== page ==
And then we get to the hoary cliche that socialism doesn't work. The fact is, most countries have some sort of socialistic/capitalistic mix to their governments. Especially European countries, and few of them can be called unsuccessful. Scandinavia may be one of the most socialistic regions in the world and they seem to be making it work, don't they? But then they don't have multi-billionaires all over the place. Poor them!

If you work hard for your money, then fine, I'm certainly not going to have a problem with that. But has Eisner worked hard for the nine figures he has earned in his tenure? Has anybody in this country? Hell no! Nobody deserves that much money. Nobody NEEDS that much money. Yet how many people do we have in this country who DO need just a little more to survive? How many children are starving because these fatcats are hiding their money in offshore banks? If anything has been proven in the last twenty-odd years, it is that Reagonomics only succeeds in making the poor poorer and the rich much MUCH richer. If that doesn't stop soon, few of us will ever be able to afford a trip to WDW!

From J. Dana on June 27, 2004 at 1:41 AM
My last posting on this topic: Actually, Kevin, the wealthiest 1 percent of Americans pay for nearly 60 percent of all taxes (IRS tax registry records). The lowest 20 percent of wage earners pay NO TAXES AT ALL (but somehow still get tax "rebates." Wish I could finagle that) That means the middle 79 percent of citizens pay about 40 percent of the taxes.

Does anyone NEED to be rich? Absolutely not. But that doesn't mean that those who are not rich deserve the money of those who are rich. And go to any of those European countries and try to make a doctor's appointment. You'll likely be on the waiting list for 3 or more months...if you have a life-threatening condition, then you may get in within a month and a half. We may be buying our discount drugs from Canada, but our country's healthcare system is still the envy of the world. And our country's economy is the envy of the world. And our country's entertainment (including theme parks) is the envy of the world. Our country's strength is the envy of the world. We may do some things wrong, but we sure do a hell of alot right. Let's hope our country never does get to the point where someone's company or wealth is taken away because he/she is deemed too rich. A stretch? Nope. It's happened in any number of countries... especially those seemingly progressive European countries. Let's get off this subject because it does nothing but piss off half the readers, me included. Capitalism isn't killing America...it's reinvigorating most of the world right now.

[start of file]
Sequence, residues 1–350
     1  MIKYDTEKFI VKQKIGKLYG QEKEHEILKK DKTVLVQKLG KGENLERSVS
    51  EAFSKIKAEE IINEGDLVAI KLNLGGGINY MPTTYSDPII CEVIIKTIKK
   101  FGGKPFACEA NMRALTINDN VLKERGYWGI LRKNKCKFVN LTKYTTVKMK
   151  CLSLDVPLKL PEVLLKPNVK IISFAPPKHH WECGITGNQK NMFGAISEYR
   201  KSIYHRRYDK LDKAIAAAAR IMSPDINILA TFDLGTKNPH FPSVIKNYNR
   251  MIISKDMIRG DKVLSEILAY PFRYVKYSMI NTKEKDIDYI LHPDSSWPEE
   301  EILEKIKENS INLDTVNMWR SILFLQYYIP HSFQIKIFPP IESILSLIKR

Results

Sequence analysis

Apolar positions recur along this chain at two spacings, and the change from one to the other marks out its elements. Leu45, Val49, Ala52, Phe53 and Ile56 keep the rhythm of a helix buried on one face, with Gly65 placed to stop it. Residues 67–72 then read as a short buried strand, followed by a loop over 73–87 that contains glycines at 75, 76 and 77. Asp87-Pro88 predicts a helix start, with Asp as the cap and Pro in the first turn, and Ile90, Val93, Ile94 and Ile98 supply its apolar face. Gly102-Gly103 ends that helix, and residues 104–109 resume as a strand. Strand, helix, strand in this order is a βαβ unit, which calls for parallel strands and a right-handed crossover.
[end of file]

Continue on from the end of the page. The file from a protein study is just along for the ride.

From J. Dana on June 27, 2004 at 2:10 AM
ps However, Kevin, I do agree with you that if Eisner could forgo a bonus or two, then thousands of Disney workers could keep their jobs.
From Robert Niles on June 27, 2004 at 1:02 PM
Sorry, J. but your facts are incorrect. The poorest 20 percent of Americans pay plenty in taxes. They pay sales taxes, property taxes and FICA and Medicare. Those are taxes, too -- just as much as the income tax. If you don't think so, try to avoid paying them sometime and see what happens. ;-)

(And the reason why the richest one percent of Americans pay the lion's share of the nation's *income* taxes is that they have more than the lion's share of the money.)

A recent New York Times analysis, backed by real economists, found that the the percentage of income paid in *all* taxes by Americans was pretty much the same across income groups. According to the Times, people in the bottom 20 percent of all incomes pay about 18 percent of what they earn in taxes -- including income, payroll and sales taxes. But people in the top 20 percent of incomes pay on average just 19 percent of what they earn in taxes. (NYT, January 20, 2003)

From David Franzen on June 28, 2004 at 5:32 AM
While we're off subject, and talking about people earning too much money. Here's the top three athletes according to forbes:

1 Tiger Woods $80.3m
2 Michael Schumacher $80.0m
3 Peyton Manning $42.0m

"Hey Tiger, you just missed winning another major, what are you going to do next?"

From Tim Hillman on June 28, 2004 at 7:35 AM
So only the NY Times has “real” economists, Robert? I’m sure with enough money and effort the NY Times could find more than a few PhDs to conjure up a study that agrees with their view of reality.